Dow and S&P stock futures are slightly higher after five consecutive days of losses

Dow and S&P stock futures are slightly higher after five consecutive days of losses

U.S. stock index futures were slightly higher overnight Sunday, as the S&P 500 comes out of its longest streak of daily losses since February. Fears of slow economic growth and rising inflation put pressure on the market.

Futures contracts linked to the Dow Jones Industrial Average gained 51 points. S&P 500 futures rose 0.18%, while Nasdaq 100 futures rose 0.14%.

All three major averages ended lower on Friday, with the Dow Jones and S&P posting losses for the fifth day in a row, while the Nasdaq Composite posted its third consecutive negative session.

For the week, the Dow Jones and S&P lost 2.15% and 1.69%, respectively, their worst weekly performance of each average since June. The tech-rich Nasdaq recorded its worst week since July, losing 1.61%.

Data released on Friday showed producer prices rose 0.7% in August and 8.3% year-on-year, the largest annual increase since it was first recorded in November 2010. .

The closely watched Consumer Price Index will be released on Tuesday, when the street will examine how much higher costs are passed on to consumers. Economists polled by FactSet expect this reading to show that consumer prices rose 5.3% at an annualized pace in August. Retail sales figures will be released later this week.

“Supply bottlenecks, lack of inventory, high raw material prices and high shipping rates have all contributed to rising input costs,” said Charlie Ripley, senior investment strategist at Allianz Investment Management. “[Friday’s] The wholesale pricing data should be a revelation for the Fed, as inflationary pressures still remain unanswered and are expected to be felt by consumers in the coming months. “

Shares have been under pressure since the August employment report, released by the Labor Department on September 3, fell short of expectations. The market fears the pandemic will continue to hamper economic growth as high inflation prompts the Federal Reserve to act.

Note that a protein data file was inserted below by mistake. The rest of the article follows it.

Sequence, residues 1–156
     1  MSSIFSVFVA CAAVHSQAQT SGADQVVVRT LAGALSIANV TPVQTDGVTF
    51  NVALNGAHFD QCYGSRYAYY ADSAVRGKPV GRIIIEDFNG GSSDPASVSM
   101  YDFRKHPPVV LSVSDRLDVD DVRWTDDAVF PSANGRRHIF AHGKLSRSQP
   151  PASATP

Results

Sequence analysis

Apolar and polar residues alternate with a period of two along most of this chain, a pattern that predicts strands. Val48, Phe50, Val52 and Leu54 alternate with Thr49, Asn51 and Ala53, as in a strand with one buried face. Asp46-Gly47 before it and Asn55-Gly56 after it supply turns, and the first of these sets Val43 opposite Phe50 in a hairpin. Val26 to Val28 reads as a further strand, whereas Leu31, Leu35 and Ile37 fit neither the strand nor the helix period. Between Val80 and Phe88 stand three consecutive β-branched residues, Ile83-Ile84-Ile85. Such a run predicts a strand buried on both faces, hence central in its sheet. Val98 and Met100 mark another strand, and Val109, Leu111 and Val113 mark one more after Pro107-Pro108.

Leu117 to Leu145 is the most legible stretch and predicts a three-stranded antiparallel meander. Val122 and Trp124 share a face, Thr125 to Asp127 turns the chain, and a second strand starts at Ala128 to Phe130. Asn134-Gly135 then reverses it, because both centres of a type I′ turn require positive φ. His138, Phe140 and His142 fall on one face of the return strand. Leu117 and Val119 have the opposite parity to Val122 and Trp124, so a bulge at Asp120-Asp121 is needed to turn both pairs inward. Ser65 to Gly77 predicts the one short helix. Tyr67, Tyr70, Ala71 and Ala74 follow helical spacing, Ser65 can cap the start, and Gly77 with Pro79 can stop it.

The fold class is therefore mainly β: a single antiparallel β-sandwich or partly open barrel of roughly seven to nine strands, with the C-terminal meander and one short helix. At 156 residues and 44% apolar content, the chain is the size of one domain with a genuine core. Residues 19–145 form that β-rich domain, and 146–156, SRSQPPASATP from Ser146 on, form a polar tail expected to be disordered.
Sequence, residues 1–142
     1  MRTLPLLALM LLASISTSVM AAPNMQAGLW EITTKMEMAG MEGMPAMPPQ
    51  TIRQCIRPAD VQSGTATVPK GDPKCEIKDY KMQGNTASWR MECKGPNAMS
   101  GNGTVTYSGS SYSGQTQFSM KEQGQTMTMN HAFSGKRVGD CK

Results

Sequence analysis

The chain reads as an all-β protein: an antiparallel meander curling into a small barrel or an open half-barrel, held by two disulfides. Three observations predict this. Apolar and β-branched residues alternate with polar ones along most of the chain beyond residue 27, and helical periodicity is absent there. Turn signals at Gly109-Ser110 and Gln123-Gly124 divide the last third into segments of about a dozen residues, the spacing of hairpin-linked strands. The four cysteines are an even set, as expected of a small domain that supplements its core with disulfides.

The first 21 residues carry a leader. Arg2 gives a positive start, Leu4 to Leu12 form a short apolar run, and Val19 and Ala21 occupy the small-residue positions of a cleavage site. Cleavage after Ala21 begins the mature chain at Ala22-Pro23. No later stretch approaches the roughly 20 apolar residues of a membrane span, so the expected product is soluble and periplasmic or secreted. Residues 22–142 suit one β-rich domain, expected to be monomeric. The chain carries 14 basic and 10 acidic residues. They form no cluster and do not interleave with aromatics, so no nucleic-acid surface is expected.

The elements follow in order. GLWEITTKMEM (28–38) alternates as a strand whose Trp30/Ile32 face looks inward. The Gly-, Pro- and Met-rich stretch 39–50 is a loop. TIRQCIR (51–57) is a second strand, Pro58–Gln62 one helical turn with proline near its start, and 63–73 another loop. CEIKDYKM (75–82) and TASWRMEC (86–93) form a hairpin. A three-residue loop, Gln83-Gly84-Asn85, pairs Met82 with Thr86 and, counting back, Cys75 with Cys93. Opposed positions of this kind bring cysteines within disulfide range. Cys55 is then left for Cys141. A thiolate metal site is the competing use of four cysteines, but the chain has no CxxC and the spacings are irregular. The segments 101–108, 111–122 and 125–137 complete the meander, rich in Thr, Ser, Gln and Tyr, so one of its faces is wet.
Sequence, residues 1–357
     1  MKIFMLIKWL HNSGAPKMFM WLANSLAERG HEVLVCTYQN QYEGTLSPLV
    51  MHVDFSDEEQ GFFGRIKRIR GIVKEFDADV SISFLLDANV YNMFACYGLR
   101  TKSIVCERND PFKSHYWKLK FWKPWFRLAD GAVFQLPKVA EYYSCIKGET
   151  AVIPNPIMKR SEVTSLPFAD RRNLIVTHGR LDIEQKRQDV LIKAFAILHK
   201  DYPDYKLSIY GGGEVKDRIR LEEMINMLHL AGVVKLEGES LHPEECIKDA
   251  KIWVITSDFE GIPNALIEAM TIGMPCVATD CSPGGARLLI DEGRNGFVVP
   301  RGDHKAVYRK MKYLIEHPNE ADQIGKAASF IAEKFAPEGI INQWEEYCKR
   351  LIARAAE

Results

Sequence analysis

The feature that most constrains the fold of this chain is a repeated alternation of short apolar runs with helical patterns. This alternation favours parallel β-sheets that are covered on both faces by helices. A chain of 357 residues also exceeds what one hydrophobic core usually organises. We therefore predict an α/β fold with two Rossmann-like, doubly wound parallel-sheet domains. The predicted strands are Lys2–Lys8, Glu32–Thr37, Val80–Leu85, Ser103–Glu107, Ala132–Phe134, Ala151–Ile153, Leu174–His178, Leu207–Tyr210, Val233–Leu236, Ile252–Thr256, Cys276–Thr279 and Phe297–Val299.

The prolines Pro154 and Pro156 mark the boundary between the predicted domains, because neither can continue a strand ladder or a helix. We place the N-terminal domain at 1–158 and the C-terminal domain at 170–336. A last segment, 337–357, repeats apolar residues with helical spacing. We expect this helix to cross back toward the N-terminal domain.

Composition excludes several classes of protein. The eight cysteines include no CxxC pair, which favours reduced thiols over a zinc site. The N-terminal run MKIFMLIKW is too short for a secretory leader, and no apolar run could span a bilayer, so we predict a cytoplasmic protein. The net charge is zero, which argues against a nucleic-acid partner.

“The negative impact of the delta variant on cyclical trading is clear,” noted Jefferies’ famous strategists. “It is increasingly clear that the impact of Delta is delaying any Federal Reserve registration effort, so it has given new impetus to big tech stocks with outperforming growth so far. this trimester.”

The Federal Reserve will begin its two-day policy meeting on September 21, during which investors will look for clues to the central bank’s bond-buying program.

Key averages are still relatively close to their all-time highs, despite losses last week. The Dow Jones is up 2.87% from its all-time high, while the S&P is down 1.92% from its high. Meanwhile, the Nasdaq Composite is down 1.87% from its all-time high.

All three posted double-digit percentage gains for the year, but the continued impact of Covid-19 could slow the pace of the recovery.

“The outlook for post-pandemic economic growth has cooled in time for the fall,” Goldman Sachs said in a note to clients on Friday. “Within the market, the prices for the months reflect the weak economic environment,” the company said. Last week, Goldman lowered its GDP growth forecast for the fourth quarter, citing the impact of the delta version on consumer spending.

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